The Carioca Guide to Street Food

Some time back I picked up what is pretty much my favourite Brazilian food book. It is called Guia Carioca da Gastronomia de Rua (Carioca Guide to Street Food), the work of Sérgio Bloch, Ines Garçoni and Marcos Pinto, and it is brilliant!

Such a great book if you're into food and aren't afraid to try something away from the air-conditioned safety of a restaurant.


The book lists 19 street food vendors in Rio, covering all the major categories, from fruit salad on the beach to acarajé in Santa Teresa, caipirinhas in Lapa to empadas (little pies) in Guadalupe. For each vendor we take a look at the food they sell, find out a bit about the particular street or square that they frequent and there is an interview in which we learn about how the vendor came to be where they are today and what they like about their job.

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Corny Stop Motion

As I wandered home last night I passed a guy standing at a little metal cart selling sweetcorn (milho). This must be one of my favourite street foods – there’s just something pleasing about selling this as a quick snack. 


I know he doesn’t look it, but this guy was actually very friendly. It’s just when I took the photo (I did ask!) he put on his stern face.

Whereas most snacks are high in fat or sugar (or both!), here is a yummy snack that is relatively good for you. The sellers use the outer leaves of the corn as the wrapping, so there’s no need for plastic bags and all the usual packaging – once you’re finished you are only throwing away a biodegradable husk and some leaves! I wish it was more popular everywhere. 

However, last night I didn’t buy sweetcorn. I bought pamonha (sounds like pam-ON-ya). 

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Last weekend we had a friend from London to stay. This was fun, not just because our guest was nice and not only because she brought us all kinds of yummy goodies from home, but also because her presence pushed us into doing a whole bunch of sight-seeing things that we probably wouldn’t have bothered with otherwise. We wandered around a favela, we went to see some samba (these guys) and spent a fair bit of time eating and drinking in Santa Teresa.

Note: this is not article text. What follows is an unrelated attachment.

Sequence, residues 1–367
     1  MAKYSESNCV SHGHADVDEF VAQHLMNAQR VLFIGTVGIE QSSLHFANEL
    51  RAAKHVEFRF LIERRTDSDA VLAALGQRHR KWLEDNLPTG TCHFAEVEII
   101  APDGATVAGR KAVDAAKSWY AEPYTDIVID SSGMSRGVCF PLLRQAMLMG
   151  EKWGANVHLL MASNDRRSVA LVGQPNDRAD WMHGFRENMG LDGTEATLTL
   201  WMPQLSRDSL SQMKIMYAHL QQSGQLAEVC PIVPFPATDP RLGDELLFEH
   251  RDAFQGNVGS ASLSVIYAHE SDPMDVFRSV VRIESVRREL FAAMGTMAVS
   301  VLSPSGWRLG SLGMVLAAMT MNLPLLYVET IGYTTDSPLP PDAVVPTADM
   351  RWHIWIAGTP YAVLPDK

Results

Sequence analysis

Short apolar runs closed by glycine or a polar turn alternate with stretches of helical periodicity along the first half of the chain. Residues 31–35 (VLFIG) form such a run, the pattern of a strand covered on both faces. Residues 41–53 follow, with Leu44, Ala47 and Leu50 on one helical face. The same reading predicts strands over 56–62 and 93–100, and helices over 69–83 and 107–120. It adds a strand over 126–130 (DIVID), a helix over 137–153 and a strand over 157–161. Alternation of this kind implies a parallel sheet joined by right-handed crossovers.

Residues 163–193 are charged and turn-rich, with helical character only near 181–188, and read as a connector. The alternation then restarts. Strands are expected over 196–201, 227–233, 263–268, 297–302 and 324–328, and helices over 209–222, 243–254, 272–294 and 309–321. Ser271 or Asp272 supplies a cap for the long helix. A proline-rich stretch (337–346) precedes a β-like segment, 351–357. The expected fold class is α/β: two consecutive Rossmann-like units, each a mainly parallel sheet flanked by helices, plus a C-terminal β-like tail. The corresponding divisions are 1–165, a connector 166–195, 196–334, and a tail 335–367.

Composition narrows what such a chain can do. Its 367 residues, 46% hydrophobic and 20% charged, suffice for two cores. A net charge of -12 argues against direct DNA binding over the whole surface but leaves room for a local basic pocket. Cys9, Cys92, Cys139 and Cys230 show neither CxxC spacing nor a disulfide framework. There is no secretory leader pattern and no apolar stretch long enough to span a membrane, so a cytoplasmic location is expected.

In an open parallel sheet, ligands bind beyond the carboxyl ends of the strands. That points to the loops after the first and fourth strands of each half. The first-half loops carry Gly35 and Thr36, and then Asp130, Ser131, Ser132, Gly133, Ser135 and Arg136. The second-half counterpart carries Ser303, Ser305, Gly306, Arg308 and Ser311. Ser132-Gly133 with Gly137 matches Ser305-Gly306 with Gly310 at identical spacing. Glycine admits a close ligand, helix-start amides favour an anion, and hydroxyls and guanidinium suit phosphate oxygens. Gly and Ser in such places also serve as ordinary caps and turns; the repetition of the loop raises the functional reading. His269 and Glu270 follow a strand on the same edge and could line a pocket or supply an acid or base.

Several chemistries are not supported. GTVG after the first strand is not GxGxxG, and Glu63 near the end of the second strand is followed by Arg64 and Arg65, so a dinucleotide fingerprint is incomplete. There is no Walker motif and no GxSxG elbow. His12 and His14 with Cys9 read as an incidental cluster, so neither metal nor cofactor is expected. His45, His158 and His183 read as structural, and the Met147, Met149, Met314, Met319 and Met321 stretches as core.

One of the places we ended up was Armazém São Thiago, a really nice old bar that dates back to 1919. The bar itself does pretty yummy food, but even better than that, on Sundays there is a lady just outside the bar cooking Acarajé

A delicious bundle of spicy goodness. I am designating acarajé as an essential food – see the others in the list by clicking the ‘essential food’ label on the right (Photo: Leonardo Martins).


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The foods you have to try in Rio.

If someone asked me what I thought were the essential foods to try when coming to Rio, I would probably bore them to death with my list of personal favourites. Of course it’s a subjective, erm, subject. I know some of my favourite Brazilian dishes won’t be to everyone’s tastes. A good example would be Tacacá. I don’t think anyone would argue against it being delicious, but the mucus-like goma de mandioca will seriously challenge some people’s appetite. 

Remember this piece of awesomeness from Indiana Jones and the Temple of Doom? Well Tacacá is nothing like this. But at the bottom of the bowl you will find a substance may cause you to reminisce about the last time you had a cold…

But although the exotic dishes are pretty cool (well, I think so anyway), they aren’t the ones I’d describe as essential. The foods you have to try aren’t particularly fancy, but they are a part of everyday life and if I were a visitor, these are exactly the things that I would want to taste first. I’ve covered a few of them already: Pão de queijo, farofa, coxinha, pastel

Today I thought I’d tell you about one more.

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Pão de Queijo – cheesy goodness

When I visit a new country, one of the first things I do is get involved with the local foods. Regretfully not in a particularly methodical or scientific way, but by taking a more haphazard approach. I go to the places that look ‘local’, ask the taxi drivers about their favourite food, look for anything that looks interesting on street stalls and markets and generally just eat!
Some of my favourite Latin American foods: Arepas from Colombia…

…Tacos from Mexico…